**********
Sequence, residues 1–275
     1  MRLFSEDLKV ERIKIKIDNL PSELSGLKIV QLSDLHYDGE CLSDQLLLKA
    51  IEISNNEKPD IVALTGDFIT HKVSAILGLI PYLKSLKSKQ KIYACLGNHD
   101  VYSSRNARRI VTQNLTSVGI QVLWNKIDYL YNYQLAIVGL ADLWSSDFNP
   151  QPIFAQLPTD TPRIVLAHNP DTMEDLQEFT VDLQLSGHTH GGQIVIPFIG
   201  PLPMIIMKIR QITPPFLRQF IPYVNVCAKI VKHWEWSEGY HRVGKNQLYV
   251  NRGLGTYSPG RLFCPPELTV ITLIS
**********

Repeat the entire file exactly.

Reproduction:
Sequence, residues 1–275
     1  MRLFSEDLKV ERIKIKIDNL PSELSGLKIV QLSDLHYDGE CLSDQLLLKA
    51  IEISNNEKPD IVALTGDFIT HKVSAILGLI PYLKSLKSKQ KIYACLGNHD
   101  VYSSRNARRI VTQNLTSVGI QVLWNKIDYL YNYQLAIVGL ADLWSSDFNP
   151  QPIFAQLPTD TPRIVLAHNP DTMEDLQEFT VDLQLSGHTH GGQIVIPFIG
   201  PLPMIIMKIR QITPPFLRQF IPYVNVCAKI VKHWEWSEGY HRVGKNQLYV
   251  NRGLGTYSPG RLFCPPELTV ITLIS